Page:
For everyone reading this post, if you can, please volunteer to be a poll worker in your community on November 4. Contact you local election office and complete the application — please do this, it is important.
Poorly designed ballots continue to plague U.S. elections, even after Congress set aside $3 billion to overhaul voting systems to prevent a recurrence of the flawed Florida ballots that deadlocked the 2000 presidential race, a study out today concludes.
Problems with confusing paper ballots in 2002, absentee ballots in 2004 and touch-screen ballots in 2006 led thousands of voters to skip over key races or make mistakes that invalidated their votes, according to the study by the Brennan Center for Justice at New York University School of Law.
“In the big election meltdowns where thousands of votes were lost, ballot design was the primary cause,”says Lawrence Norden of the Brennan Center.
Ballot designs could play a big role in mistakes made at the polls this fall because of an infusion of new voters who registered for this year’s presidential race and the introduction of new voting machines in parts of 11 states with 15 million potential voters. Since passage of the Help America Vote Act in 2002, states have spent more than $2 billion in mostly federal funds to overhaul their voting systems.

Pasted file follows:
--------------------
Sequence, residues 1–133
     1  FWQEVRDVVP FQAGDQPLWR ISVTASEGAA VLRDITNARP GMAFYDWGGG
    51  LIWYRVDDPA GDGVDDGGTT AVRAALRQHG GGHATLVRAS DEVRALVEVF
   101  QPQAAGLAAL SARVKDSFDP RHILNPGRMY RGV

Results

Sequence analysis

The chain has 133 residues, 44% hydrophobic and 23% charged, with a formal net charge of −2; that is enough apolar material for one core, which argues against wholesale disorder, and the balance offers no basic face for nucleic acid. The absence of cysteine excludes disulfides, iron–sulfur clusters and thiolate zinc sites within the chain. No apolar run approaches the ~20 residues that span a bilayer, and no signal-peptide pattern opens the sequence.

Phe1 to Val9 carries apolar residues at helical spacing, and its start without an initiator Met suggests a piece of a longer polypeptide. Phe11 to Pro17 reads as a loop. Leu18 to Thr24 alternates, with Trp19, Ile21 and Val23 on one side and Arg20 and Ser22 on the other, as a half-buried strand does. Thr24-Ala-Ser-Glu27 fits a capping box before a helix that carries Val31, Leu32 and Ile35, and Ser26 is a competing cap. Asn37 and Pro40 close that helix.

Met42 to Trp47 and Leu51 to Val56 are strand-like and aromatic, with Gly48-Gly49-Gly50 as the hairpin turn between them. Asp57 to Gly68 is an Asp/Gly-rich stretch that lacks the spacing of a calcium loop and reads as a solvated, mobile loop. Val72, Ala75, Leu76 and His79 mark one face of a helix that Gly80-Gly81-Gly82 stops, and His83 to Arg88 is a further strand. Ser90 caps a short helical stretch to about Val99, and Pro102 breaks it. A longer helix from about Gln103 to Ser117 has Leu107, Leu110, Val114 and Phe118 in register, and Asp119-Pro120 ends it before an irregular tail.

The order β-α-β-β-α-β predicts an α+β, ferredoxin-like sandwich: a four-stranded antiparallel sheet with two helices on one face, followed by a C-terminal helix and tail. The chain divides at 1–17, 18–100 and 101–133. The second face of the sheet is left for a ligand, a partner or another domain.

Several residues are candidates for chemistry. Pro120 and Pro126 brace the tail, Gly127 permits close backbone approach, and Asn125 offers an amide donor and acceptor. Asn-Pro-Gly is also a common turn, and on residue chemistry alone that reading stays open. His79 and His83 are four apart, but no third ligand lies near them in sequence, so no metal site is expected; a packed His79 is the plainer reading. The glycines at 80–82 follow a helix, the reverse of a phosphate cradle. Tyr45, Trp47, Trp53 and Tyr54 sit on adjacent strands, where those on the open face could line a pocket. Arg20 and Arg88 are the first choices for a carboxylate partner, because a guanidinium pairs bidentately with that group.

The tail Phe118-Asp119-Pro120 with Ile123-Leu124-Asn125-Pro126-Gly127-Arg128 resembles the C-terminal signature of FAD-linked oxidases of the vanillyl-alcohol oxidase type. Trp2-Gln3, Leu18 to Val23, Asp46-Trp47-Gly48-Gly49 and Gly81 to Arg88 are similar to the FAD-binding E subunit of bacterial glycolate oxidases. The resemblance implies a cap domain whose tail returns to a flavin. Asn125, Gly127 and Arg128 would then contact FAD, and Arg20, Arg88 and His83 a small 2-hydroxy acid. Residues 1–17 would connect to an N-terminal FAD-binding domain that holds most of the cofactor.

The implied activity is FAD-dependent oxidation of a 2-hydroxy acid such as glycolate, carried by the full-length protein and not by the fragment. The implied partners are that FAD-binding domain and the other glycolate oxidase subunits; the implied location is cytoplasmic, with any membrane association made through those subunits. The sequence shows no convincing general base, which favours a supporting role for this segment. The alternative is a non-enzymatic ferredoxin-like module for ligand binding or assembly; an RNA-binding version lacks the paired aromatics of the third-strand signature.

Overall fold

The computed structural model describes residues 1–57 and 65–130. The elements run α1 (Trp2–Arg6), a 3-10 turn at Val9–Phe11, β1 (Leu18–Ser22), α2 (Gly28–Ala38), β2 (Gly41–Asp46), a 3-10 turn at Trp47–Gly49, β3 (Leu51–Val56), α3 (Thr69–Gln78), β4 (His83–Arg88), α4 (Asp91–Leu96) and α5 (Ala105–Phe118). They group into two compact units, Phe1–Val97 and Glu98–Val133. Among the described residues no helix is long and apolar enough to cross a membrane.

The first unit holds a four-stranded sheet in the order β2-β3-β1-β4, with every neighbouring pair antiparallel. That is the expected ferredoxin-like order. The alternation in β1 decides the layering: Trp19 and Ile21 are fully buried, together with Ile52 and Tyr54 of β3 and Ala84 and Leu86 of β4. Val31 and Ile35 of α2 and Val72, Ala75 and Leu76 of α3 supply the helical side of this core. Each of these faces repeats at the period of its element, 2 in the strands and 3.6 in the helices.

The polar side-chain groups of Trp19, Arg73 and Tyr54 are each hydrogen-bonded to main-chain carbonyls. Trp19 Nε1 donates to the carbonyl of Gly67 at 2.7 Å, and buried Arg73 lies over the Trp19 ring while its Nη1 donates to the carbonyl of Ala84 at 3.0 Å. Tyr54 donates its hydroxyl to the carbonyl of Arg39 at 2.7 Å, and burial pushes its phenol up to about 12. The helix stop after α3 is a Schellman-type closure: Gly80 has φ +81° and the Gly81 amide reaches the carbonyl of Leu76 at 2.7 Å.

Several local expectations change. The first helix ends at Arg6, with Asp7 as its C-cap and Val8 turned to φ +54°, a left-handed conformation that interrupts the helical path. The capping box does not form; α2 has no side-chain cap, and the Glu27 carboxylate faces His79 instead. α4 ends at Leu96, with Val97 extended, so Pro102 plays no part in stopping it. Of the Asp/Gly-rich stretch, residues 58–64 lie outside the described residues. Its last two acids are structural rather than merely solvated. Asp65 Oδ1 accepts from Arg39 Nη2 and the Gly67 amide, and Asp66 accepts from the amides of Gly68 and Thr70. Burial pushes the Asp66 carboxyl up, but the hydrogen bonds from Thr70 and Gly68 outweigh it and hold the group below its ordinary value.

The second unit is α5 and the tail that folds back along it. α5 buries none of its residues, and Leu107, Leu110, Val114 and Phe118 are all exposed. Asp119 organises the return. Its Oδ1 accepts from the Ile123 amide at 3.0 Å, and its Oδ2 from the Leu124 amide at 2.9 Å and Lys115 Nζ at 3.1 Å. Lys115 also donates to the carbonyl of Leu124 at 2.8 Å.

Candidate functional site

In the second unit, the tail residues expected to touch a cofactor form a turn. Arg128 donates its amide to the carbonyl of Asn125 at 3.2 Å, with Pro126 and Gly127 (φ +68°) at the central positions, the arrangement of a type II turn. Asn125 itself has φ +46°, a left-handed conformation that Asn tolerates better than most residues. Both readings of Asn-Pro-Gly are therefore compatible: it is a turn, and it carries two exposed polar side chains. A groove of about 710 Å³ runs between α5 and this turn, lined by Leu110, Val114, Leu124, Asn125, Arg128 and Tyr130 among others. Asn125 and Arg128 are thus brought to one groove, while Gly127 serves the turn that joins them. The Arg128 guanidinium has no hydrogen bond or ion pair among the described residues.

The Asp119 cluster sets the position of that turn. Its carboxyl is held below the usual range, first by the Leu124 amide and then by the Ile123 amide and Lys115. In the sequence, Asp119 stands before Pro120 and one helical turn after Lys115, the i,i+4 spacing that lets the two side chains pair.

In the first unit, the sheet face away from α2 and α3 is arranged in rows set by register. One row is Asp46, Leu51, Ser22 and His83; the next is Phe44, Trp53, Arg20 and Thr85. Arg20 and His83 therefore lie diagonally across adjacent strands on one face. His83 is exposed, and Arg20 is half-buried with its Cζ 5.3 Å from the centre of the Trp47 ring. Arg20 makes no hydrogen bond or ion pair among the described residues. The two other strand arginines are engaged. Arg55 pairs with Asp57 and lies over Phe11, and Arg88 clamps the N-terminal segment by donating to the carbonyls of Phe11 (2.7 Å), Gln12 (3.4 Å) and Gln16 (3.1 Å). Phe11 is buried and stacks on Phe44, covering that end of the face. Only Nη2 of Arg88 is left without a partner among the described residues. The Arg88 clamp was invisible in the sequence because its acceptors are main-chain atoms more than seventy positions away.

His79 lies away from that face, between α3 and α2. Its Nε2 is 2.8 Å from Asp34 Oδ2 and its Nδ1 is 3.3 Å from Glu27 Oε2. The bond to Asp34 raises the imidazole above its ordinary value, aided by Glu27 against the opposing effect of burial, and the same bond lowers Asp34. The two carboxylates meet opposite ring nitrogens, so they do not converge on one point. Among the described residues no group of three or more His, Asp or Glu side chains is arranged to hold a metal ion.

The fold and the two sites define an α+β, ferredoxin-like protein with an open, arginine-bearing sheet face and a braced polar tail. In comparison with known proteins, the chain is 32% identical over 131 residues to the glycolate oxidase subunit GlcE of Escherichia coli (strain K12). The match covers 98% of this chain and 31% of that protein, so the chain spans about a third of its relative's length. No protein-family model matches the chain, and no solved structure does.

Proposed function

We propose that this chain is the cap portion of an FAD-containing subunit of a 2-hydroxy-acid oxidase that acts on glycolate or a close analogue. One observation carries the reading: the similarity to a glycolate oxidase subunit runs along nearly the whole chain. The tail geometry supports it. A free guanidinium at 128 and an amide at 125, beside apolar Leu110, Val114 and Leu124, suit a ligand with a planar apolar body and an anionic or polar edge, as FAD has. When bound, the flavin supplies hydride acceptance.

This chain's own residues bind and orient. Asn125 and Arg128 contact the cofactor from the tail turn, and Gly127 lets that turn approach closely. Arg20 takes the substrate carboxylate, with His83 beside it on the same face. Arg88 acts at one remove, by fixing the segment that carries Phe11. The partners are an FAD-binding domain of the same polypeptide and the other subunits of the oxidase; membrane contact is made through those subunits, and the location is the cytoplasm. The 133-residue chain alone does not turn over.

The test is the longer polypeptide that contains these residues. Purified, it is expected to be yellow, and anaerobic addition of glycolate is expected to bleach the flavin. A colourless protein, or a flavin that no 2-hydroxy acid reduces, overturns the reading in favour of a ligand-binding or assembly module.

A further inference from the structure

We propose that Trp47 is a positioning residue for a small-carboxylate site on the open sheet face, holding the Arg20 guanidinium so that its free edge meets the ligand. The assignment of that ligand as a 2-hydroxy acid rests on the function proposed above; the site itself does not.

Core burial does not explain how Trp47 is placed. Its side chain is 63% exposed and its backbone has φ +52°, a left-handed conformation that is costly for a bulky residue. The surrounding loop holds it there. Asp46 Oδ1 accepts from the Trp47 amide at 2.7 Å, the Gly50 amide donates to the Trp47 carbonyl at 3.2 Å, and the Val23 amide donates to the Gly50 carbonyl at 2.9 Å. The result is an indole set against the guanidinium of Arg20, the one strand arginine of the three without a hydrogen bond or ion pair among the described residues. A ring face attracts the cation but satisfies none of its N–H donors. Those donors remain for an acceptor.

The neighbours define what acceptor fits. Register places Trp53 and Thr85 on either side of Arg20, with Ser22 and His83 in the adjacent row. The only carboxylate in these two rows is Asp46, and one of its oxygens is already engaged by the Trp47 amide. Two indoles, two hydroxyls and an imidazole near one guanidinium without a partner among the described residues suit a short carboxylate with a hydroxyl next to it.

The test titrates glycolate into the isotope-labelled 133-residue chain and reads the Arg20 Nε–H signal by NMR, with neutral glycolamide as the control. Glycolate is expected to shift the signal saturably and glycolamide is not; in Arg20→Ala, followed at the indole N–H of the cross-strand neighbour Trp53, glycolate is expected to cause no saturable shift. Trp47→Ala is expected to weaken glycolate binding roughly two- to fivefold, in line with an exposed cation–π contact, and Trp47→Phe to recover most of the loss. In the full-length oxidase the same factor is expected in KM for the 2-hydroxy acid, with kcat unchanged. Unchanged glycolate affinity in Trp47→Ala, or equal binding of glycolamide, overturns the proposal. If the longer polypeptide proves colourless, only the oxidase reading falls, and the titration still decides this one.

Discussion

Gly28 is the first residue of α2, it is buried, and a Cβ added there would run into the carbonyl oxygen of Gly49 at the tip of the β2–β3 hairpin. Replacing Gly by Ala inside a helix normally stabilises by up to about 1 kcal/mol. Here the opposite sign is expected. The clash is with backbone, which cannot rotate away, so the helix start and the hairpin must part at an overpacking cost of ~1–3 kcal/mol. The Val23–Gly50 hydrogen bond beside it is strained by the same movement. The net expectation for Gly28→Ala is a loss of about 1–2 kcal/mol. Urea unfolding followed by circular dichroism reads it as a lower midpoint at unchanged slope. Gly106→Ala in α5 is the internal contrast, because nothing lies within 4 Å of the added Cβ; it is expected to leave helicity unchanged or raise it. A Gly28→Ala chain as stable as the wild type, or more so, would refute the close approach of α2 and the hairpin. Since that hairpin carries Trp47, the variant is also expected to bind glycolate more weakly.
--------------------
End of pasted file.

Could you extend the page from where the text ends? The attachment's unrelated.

Congress approved spending of up to $3 billion because of problems in the 2000 presidential race in Florida. A deciding factor in that race was the confusion caused in Palm Beach County by the “butterfly ballot,” which required voters to punch a hole beside their candidate’s name in a strip between two facing pages that listed the presidential contenders.
Despite all the spending since then, mostly on new electronic voting systems, not enough attention has been paid to ballot design, the new study warns. “There has not been a documented instance where a computer has fouled up the vote by itself,” agrees Kimball Brace of the consulting firm Election Data Services.
The study’s conclusion, endorsed by many federal and state election overseers, is leading counties and election system manufacturers to improve ballot designs by the November election.
Starting this week in Ohio, ballot design experts will show officials how to avoid the kind of voter confusion in Florida’s 13th Congressional District in 2006. More than 18,000 Sarasota County voters skipped that race, which appeared above a more prominently displayed race for governor on the same screen. Republican Vern Buchanan won the congressional race by 369 votes.
By Richard Wolf, USA TODAY